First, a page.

England is mentioned several times during the series, including by Saxon characters such as Athelstan, Ecbert and Aella. England however did not exist as a concept until the reign of Ecbert's son Alfred the Great, and not as an entity until the reign of Alfred's son Edward the Elder. Until this time the area that is now England consisted of the Saxon kingdoms of Wessex (the south), East Anglia (the east), Mercia (the midlands), Northumbria (the North) and the (celtic) British Kingdom of Kernow (Cornwall). Until the coming of the Vikings which necessitated alliances these kingdoms were more often than not hostile to each other.
The carved beast heads seen on the prow of the viking longships were there to scare the spirits of hostile lands. Vikings were more than willing to fight the people but did not want to suffer at the hands of hostile spirits, nor did they want the spirits aiding their enemies. Although not shown in this series, they were not always dragons - they could be wolves/ravens etc. They were also removable and would have been taken off when approaching home so as not to scare the friendly spirits as this could bring ill health, a bad harvest or other such bad luck. A more modern equivalent would be a battle flag carried at times of war but not of peace - if you saw a longship approaching with beast head in place, you knew their intentions were hostile.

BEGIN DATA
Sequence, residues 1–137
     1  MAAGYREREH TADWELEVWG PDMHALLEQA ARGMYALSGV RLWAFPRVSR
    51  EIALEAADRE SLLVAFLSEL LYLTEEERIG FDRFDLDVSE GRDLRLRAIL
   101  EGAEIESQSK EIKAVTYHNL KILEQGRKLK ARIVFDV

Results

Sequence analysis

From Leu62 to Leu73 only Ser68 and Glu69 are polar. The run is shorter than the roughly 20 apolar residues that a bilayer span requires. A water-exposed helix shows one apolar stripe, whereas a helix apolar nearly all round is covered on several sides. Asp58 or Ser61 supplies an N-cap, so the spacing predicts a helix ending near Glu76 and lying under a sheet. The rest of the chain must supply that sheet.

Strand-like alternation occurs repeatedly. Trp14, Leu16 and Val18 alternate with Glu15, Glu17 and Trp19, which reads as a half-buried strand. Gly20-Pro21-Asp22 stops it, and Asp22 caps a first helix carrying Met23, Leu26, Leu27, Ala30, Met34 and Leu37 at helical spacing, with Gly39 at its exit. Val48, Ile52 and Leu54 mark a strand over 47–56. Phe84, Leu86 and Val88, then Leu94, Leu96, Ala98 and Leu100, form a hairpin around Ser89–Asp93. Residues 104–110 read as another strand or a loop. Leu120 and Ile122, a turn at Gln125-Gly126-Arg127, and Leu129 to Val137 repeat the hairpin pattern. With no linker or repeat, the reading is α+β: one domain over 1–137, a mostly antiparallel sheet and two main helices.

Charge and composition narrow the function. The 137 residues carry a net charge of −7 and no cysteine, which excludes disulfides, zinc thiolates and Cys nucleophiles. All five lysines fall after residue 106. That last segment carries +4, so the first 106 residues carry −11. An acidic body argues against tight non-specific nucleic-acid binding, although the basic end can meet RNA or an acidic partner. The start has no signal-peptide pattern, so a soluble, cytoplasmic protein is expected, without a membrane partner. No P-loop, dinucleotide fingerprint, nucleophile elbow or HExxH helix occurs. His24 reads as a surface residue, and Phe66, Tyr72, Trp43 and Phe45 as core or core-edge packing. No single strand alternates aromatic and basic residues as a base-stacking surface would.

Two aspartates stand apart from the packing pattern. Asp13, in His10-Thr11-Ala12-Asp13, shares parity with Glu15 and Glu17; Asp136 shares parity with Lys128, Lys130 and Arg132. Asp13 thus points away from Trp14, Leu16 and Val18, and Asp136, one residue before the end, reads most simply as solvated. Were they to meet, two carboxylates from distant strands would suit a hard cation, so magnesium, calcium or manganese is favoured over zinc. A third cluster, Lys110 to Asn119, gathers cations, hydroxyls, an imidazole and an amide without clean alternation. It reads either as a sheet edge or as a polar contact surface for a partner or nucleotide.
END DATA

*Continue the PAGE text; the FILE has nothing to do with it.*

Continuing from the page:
The opening title music from Vikings "If I had a heart" by Fever Ray also featured in Breaking Bad (S4 E3) also at the end of Person of Interest S1E15
The historical Aethelwulf's first son by his first wife Osburh was named Aethelstan. Athelstan ruled as king of Kent from 839 to his death in 852.
Tadhg Murphy, who plays Arne, lost his right eye at a accident as a self made arrow hit him (He was 13 years old). While his first rehearsal for the show he ask Michael Hirst if he should take his eye out for it. Hirst was really perplexed, because he didn't know that Taghd really is "One Eyed"! He saw the actor the first time with his eye patch, which he wears in the show. In an interview after Murphy wasn't in the show anymore, he revealed that he was asked "thousand times" a day to take his eye out and that bothered him.